undeniably a banner year for the initiation of FCPA enforcement
actions, it bears mention that 22 of the enforcement actions
commenced in 2010 were individuals indicted in connection with the
Africa Sting Case.

2. In May and November 2012 filings with the SEC,
Wal-Mart noted that the Audit Committee of its Board of Directors
was “conducting an internal investigation into, among other
things, alleged violations of the [FCPA] and other alleged crimes
or misconduct in connection with foreign subsidiaries including
Wal-Mart de Mexico, S.A.B. de C.V. . . . and whether prior
allegations of such violations and/or misconduct were appropriately
handled by the Company” and that it had “been informed by
the DOJ and the SEC that it is also the subject of their respective
investigations into possible violations of the FCPA.”
See Wal-Mart Stores, Inc., Current Report (Form 8-K), at
2-3 (May 17, 2012); Wal-Mart Stores, Inc., Current Report (Form
8-K), at 1-2 (Nov. 15, 2012).

3. In February 2008, Alcoa Inc. (Alcoa) said it had
received notice on February 27, 2008 that Aluminium Bahrain B.S.C.
(Alba), a majority state-owned smelter in Bahrain, filed suit
against Alcoa, Alcoa World Alumina LLC (AWA), William Rice, and
Victor Phillip Dahdaleh, alleging that certain Alcoa entities and
their agents, including Dahdaleh, engaged in a 15-year conspiracy
to defraud Alba. After a four-year stay, concurrent government
investigation, Alba’s filing of an amended complaint, and a
series of filings and hearings throughout 2012, Alcoa and Alba
settled the civil lawsuit and, without admitting any liability,
Alcoa agreed to make a cash payment to Alba of $85 million payable
in two installments. The settlement only resolved Alba’s claims
against Alcoa, AWA and Rice; Alba’s lawsuit against Dahdaleh
remained. However, in November 2012, the federal judge presiding
over the matter administratively closed the case while discovery
was stayed pending Dahdaleh’s criminal trial in the United
Kingdom, as well as his petition for an interlocutory appeal. Alcoa
said in its most recent regulatory filing that investigations by
DOJ and the SEC into the matter were ongoing. See Alcoa
Inc., Quarterly Report (Form 10-Q), at 12 (Oct. 25, 2012). As of
this writing, the government’s investigations are

4. In February 2012, Judge Richard J. Leon granted
DOJ’s motion to dismiss the Superseding Indictment, and all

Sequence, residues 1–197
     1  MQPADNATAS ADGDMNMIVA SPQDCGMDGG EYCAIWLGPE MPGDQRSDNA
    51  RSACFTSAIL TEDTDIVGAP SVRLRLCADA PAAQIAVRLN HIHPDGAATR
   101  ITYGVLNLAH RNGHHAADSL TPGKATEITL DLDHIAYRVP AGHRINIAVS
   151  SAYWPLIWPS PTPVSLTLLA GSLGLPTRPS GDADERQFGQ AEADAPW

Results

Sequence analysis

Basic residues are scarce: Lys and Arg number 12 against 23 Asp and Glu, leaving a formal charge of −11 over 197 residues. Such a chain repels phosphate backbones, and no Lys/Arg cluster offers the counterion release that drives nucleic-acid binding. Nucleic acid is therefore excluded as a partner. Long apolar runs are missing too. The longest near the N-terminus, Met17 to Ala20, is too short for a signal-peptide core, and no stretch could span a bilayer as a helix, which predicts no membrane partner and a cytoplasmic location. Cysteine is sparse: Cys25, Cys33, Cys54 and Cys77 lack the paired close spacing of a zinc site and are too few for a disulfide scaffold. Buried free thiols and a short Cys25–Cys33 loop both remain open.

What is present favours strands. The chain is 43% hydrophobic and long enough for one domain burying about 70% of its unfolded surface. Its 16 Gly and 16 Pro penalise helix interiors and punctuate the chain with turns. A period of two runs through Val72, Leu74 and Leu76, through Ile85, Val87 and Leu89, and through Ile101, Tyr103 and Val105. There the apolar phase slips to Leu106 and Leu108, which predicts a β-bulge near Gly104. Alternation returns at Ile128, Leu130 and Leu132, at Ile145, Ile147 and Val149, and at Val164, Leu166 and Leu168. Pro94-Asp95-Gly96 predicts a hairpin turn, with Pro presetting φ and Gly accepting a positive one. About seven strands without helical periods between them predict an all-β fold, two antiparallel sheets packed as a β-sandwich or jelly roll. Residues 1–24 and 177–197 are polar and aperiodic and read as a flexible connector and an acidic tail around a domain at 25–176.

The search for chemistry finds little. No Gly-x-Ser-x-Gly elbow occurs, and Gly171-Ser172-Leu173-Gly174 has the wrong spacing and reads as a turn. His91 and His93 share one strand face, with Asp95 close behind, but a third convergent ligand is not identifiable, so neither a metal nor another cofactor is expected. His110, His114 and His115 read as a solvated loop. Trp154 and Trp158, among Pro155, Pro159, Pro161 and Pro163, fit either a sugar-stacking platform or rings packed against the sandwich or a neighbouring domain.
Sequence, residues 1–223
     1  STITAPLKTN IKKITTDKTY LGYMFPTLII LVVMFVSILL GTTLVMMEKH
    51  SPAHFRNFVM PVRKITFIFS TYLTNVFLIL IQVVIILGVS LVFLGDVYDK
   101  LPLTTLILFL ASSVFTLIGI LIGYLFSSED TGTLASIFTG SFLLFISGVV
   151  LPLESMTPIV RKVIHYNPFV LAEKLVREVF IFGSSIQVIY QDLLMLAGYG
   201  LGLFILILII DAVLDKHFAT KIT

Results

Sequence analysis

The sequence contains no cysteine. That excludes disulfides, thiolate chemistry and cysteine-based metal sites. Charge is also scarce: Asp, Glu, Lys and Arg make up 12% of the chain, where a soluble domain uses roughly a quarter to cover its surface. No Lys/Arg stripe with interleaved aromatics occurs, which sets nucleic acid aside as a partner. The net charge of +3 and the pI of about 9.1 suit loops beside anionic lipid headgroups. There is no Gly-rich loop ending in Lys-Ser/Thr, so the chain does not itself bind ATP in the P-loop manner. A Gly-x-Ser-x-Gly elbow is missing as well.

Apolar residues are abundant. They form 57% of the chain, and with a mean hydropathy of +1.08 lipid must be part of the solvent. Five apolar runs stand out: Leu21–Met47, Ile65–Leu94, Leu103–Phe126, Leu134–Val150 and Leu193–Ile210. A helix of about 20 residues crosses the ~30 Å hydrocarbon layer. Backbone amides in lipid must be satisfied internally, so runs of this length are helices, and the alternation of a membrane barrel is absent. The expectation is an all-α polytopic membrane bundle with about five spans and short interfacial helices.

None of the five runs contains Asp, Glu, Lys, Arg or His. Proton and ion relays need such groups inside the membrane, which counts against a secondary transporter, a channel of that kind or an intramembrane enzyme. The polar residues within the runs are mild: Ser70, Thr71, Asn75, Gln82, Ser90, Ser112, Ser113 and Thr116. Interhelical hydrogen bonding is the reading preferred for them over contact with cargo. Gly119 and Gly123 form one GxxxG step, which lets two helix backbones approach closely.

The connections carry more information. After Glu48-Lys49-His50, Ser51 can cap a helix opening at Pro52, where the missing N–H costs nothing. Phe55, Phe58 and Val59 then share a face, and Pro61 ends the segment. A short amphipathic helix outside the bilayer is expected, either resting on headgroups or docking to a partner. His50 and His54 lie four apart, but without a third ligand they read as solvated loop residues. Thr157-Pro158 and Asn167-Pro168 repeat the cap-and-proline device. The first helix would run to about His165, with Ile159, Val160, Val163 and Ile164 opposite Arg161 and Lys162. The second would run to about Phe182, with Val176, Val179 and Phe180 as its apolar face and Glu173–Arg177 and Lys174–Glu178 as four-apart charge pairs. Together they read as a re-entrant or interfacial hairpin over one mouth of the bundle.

underlying indictments, against the remaining 16 defendants pending
trial in the FCPA Africa Sting Case. The motion noted that
“the government has carefully considered (1) the outcomes of
the first two trials in which, after extensive deliberations, the
juries remained hung as to seven defendants and acquitted two
defendants, and one defendant was acquitted on the sole charge
against him . . . ; (2) the impact of certain evidentiary and other
legal rulings in the first two trials and the implications of those
rulings for future trials, including with respect to Rule 404(b)
and other knowledge and intent evidence the government proposed to
introduce; and (3) the substantial government resources, as well as
judicial, defense, and jury resources, that would be necessary to
proceed with another four or more trials, given that the first two
trials combined lasted approximately six months. In light of all of
the foregoing, the government respectfully submits that continued
prosecution of this case is not warranted under the
circumstances.” In granting the motion, Judge Leon stated:
“This appears to be the end of a long and sad journey in the
annals of white collar prosecutions,” and “I, for one,
hope that this very long and, I suspect, very expensive ordeal will
be a true learning experience for the department and the FBI as
they regroup to prosecute FCPA cases against individuals.”
See Christopher M. Matthews, Government Drops
High-Profile FCPA Sting Case
, WALL ST. J., Feb. 21, 2012,
available at

5. In November 2009, former ABB Inc. general manager John
J. O’Shea was indicted on 18 counts of substantive FCPA,
conspiracy, money laundering, and obstruction-related offenses
arising out of the government’s investigation of his former
employer, ABB, and its corrupt dealings with a state-owned electric
utility company’s employees in Mexico. O’Shea’s trial
began in Texas in January 2012, and ended swiftly after four days
of government evidence presentation, at which time U.S. District
Court Judge Lynn Hughes granted O’Shea’s motion for a
judgment of acquittal as to the 12 substantive FCPA counts. Judge